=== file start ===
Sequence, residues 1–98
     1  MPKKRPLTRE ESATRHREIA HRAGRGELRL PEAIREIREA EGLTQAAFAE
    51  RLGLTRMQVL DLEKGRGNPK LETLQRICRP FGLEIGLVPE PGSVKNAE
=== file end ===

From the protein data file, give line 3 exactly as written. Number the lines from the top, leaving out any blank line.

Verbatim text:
    51  RLGLTRMQVL DLEKGRGNPK LETLQRICRP FGLEIGLVPE PGSVKNAE